fluorescent or neon lamps than they do under incandescent.
    Yes, but in large buildings with considerable power requirements,
    3-phase circuits are used to balance the load on the mains supply.
    Dragging multi-kilowatts of power from one phase only creates an
    imbalance on the supply, which can damage transformers and upset voltage
    regulation on other phases. If a building has, say, 40 lamps in 5 rows
    of eight maybe, on a single phase, and each lamp draws 1500 watts,
    that's a 60-kilowatt load, and at 110 volts, a current of 545 amps.
    That's a massive imbalance on the power supply. It gets worse on
    outdoor lighting of playing fields, where the load can run to hundreds
    of kw.Colin D.
    Colin D, Mar 4, 2006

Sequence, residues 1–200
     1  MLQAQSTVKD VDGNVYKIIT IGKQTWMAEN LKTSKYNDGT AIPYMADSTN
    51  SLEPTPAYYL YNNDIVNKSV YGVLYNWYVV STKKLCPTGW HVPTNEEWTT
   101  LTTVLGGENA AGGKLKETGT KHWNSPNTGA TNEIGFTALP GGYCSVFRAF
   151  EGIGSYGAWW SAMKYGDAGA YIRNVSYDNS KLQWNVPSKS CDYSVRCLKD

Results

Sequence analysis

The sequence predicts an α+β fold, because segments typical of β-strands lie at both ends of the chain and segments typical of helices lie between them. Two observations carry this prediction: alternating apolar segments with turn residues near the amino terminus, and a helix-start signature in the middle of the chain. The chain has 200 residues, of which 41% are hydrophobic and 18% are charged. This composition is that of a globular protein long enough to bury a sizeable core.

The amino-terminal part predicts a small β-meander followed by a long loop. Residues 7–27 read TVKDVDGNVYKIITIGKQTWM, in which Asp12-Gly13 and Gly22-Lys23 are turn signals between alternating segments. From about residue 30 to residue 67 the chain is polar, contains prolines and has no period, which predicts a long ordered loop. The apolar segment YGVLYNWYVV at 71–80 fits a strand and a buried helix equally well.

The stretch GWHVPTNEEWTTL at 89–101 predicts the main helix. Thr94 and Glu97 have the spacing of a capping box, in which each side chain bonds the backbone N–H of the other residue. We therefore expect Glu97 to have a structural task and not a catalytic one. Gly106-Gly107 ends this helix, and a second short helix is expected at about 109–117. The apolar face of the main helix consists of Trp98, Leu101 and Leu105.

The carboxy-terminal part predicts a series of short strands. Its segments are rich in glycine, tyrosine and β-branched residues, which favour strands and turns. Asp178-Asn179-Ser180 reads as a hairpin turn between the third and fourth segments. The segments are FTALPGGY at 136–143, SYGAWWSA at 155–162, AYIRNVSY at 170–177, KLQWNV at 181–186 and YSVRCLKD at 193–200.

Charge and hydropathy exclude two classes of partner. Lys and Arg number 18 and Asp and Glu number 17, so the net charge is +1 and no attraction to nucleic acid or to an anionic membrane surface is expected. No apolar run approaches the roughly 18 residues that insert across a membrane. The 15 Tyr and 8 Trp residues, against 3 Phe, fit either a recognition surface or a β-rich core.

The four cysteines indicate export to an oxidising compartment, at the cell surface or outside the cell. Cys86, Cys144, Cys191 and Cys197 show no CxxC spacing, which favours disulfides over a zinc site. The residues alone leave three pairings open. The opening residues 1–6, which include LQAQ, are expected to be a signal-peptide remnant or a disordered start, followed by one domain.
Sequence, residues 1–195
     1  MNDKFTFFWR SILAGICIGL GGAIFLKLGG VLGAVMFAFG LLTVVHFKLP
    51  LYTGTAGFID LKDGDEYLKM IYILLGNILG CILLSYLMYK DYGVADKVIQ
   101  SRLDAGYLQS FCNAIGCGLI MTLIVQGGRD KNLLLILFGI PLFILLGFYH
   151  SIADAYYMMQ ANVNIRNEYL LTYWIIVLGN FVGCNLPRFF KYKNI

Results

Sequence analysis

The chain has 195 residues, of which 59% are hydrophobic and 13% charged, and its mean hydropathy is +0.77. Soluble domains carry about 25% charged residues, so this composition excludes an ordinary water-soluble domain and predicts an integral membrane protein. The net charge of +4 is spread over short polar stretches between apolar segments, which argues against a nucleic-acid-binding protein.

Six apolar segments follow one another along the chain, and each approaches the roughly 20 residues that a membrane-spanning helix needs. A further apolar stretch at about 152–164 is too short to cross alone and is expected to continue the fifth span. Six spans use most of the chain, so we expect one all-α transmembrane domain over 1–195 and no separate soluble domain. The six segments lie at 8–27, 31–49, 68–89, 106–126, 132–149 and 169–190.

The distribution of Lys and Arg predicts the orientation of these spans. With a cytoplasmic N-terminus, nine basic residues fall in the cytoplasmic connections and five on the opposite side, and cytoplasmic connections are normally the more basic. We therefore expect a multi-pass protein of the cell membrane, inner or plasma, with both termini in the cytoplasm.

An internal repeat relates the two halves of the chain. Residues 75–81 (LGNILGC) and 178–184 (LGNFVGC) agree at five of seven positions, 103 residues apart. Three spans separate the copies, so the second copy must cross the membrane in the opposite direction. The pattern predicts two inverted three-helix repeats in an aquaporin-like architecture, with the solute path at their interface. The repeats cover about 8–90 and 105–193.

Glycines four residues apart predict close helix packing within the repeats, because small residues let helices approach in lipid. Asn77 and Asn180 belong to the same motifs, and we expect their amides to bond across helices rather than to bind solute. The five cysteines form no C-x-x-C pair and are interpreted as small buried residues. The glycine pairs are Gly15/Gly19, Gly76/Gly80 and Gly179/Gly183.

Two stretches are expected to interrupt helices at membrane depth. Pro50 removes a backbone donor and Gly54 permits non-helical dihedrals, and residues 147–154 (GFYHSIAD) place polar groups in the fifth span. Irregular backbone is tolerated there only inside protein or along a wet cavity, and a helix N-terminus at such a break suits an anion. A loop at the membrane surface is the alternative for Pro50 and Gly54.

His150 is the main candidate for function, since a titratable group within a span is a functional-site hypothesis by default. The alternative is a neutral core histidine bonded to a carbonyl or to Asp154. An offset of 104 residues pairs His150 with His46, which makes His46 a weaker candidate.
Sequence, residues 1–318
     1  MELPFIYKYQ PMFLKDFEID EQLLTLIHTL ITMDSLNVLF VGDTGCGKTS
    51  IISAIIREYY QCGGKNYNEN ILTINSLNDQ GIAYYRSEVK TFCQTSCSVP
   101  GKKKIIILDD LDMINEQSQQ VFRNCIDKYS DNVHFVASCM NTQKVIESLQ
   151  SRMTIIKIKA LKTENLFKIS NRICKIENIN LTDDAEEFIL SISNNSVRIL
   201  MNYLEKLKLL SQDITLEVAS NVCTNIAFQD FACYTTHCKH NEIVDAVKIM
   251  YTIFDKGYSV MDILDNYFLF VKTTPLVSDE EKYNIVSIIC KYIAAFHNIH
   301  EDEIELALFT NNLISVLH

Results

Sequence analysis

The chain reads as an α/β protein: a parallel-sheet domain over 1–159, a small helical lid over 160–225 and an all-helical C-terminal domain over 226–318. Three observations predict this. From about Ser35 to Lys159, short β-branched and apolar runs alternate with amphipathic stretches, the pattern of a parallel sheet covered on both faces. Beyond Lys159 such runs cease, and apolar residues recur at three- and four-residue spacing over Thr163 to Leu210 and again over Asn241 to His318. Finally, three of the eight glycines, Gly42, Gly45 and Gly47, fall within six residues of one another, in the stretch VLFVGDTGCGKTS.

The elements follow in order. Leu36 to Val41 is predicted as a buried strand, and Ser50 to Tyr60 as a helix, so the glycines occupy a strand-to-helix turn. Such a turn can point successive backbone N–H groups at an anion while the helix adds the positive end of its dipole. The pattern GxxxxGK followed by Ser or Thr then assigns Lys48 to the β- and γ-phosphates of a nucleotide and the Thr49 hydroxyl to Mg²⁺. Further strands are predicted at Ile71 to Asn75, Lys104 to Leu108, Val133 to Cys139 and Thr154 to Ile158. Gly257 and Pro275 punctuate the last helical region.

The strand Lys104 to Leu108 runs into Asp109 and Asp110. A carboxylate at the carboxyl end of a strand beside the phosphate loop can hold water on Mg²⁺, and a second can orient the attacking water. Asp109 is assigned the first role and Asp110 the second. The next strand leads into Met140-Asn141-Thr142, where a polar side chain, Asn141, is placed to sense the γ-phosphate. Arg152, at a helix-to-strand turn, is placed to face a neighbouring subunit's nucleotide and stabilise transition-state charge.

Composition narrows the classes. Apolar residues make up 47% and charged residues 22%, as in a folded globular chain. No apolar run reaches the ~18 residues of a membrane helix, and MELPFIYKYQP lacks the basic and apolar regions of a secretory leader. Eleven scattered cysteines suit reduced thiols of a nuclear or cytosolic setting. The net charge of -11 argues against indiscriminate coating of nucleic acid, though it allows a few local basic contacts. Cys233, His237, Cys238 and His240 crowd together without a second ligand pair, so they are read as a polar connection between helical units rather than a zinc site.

15. JME

    Colin D Guest

    <another snip>

    Residential power is single phase for an individual home, or sometimes
    2-phase for cookers in older homes. But a street of houses has the
    dwellings on successive phases, so the overall load on the supply is
    more or less balanced. Most people cook at the same time, turn heaters
    etc. on about the same time, so the load presented by a street is pretty
    well balanced most of the time. And combining many streets means that
    statistically, the supply load is well balanced.

    Colin D.
    Colin D, Mar 4, 2006
  16. JME

    Colin D Guest

    because the effect is only apparent if the moving figure is silhouetted
    by the lamps. Overhead lighting can't do this.

    Colin D.
    Colin D, Mar 4, 2006
    1. Advertisements

Ask a Question

Want to reply to this thread or ask your own question?

You'll need to choose a username for the site, which only take a couple of moments (here). After that, you can post your question and our members will help you out.